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Afro-Americana Imprints, 1535-1922 – Highlights from the August 2013 Release

Posted on 09/03/2013

To date, more than 1,900 imprints from the Library Company of Philadelphia’s acclaimed Afro-Americana Collection are available in the Readex digital edition. Here are a few titles of special interest from last month’s release:


Miscegenation: the theory of the blending of the races, applied to the American white man and Negro (1864)

The term "miscegenation" was originally coined in this imprint. It reads like an extraordinarily enlightened document on the equality of the races, but was, in fact, a hoax by New York World editor David Goodman Croly. Croly used it to attempt to entrap President Lincoln and leading abolitionists into endorsing then-inflammatory notions of the mixing of the races.


The indictment against the Congo government report of the King's commission of inquiry and the testimony which compelled it (1905)King Leopold's soliloquy a defense of his Congo rule by Mark Twain (1905)

The dreadful atrocities committed by agents of Belgian King Leopold II in Congo Free State are condemned in both these imprints. Samuel Clemens figures in both, first as a Vice President of the Congo Reform Association that produced the indictment, and then as Mark Twain, the grim satirist, author of the "Soliloquy."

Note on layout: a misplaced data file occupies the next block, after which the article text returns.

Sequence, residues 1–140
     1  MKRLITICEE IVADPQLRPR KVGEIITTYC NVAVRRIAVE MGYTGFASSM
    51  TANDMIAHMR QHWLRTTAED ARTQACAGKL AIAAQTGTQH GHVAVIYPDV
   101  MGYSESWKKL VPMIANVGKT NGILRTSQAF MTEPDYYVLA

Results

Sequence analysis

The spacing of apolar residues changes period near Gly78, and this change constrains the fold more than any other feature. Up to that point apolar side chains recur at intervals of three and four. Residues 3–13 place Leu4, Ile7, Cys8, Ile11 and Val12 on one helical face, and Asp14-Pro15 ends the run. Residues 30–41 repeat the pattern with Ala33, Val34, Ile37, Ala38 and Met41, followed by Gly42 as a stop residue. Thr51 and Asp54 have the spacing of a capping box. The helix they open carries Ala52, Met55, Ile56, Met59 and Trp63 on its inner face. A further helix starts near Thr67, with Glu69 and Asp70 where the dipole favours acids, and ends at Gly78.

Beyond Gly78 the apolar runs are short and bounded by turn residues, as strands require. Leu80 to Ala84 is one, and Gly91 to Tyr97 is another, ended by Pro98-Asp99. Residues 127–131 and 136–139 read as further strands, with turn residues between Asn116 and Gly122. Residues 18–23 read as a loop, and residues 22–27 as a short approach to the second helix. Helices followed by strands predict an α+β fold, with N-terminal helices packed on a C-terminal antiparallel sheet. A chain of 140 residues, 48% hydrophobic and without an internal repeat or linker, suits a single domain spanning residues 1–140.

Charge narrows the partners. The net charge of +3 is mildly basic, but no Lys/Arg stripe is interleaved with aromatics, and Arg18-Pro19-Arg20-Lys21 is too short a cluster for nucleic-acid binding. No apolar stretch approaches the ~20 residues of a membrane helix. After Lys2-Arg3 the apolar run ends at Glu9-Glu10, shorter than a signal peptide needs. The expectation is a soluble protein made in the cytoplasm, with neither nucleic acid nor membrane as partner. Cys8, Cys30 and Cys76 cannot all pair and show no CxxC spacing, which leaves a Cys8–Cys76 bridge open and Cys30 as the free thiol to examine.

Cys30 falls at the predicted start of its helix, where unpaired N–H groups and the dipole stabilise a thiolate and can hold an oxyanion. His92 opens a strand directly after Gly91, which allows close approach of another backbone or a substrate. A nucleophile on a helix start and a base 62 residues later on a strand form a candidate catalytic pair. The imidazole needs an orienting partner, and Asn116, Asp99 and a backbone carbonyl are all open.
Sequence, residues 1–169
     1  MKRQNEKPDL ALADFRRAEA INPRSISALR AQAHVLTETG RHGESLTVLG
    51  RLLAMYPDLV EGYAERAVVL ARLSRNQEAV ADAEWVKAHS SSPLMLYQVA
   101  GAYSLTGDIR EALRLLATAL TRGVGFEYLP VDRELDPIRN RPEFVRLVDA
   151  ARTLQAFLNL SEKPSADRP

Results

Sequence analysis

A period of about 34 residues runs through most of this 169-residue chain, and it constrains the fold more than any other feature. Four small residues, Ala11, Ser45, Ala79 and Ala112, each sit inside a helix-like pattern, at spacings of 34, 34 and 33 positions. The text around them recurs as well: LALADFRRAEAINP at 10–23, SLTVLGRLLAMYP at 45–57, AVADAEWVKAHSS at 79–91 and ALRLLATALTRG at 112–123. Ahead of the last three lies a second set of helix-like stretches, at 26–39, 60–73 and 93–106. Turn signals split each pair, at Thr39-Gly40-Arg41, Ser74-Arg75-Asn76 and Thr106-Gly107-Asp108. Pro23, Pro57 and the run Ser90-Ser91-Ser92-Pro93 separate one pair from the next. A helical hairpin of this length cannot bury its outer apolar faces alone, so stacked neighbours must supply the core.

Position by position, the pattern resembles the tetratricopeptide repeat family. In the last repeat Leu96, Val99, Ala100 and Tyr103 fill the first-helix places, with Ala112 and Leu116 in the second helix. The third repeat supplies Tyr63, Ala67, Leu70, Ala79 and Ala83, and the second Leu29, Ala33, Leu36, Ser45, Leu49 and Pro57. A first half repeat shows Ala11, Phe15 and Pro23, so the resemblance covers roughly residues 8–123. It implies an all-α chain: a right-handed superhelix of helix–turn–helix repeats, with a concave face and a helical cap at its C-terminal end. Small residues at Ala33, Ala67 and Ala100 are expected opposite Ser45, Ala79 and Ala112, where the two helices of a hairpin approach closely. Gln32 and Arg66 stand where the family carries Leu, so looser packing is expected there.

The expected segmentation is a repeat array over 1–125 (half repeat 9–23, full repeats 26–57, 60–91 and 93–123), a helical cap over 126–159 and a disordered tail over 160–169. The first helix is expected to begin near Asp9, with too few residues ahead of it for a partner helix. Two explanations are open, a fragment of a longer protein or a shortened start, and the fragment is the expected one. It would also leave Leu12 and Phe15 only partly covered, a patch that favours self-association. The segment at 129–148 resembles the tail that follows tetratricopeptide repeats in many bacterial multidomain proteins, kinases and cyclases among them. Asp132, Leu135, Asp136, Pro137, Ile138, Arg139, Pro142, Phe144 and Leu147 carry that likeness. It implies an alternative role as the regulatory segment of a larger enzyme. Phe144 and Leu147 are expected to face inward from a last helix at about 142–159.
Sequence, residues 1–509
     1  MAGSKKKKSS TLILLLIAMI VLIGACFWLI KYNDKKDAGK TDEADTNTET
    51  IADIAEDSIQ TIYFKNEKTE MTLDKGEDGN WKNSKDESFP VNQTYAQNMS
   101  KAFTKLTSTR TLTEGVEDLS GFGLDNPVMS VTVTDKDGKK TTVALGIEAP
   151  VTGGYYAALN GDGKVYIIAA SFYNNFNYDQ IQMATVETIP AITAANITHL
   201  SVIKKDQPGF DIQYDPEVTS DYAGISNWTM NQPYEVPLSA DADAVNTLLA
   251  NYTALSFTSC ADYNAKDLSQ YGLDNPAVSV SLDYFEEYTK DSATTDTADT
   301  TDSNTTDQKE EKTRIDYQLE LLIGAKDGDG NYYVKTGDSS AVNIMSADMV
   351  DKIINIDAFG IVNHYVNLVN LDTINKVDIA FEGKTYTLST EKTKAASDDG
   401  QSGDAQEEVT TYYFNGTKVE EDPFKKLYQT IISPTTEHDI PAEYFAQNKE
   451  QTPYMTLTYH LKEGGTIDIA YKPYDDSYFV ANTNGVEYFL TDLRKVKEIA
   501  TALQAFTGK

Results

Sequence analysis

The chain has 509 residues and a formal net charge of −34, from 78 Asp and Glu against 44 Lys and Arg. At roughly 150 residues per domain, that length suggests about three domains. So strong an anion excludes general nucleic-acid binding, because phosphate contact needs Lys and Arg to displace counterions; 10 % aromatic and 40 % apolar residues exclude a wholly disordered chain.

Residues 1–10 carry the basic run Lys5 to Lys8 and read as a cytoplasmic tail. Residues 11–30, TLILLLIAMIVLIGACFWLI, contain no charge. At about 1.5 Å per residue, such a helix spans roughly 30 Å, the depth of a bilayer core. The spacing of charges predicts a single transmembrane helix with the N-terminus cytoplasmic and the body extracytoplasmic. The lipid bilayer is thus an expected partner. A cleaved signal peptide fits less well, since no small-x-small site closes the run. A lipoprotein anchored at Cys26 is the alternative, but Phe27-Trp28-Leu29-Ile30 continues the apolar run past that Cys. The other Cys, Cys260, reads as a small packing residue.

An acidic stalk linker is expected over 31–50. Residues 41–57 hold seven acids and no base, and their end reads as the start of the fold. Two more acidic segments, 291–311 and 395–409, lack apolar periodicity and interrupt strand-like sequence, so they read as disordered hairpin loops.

A voice from the South. By a black woman of the South (1892)

Anna Julia Cooper, born into slavery and living well into the Civil Rights era (1964), makes a feminist case for women as the moral center of society, and key to the “regeneration” of the black race.



Some memoirs of the life of Job, the son of Solomon the high priest of Boonda in Africa who was a slave about two years in Maryland; and afterwards being brought to England, was set free, and sent to his native land in the year 1734 By Thomas Bluett ... (1734)

One of the earliest slave narratives


The Comic life of Horace Greeley (1872)

This sendup of Horace Greeley's ill-fated 1872 presidential bid, by the publishers of "Wild Oats," a leading humor magazine, is full of editorial cartoons, including one on page nine that depicts Greeley with Victoria Woodhull, the first woman to run for president. Both Greeley and Woodhull are shown astride racehorses; Woodhull's is named "free love."


For more information about Afro-Americana Imprints, 1535-1922: From the Library Company of Philadelphia, please write to

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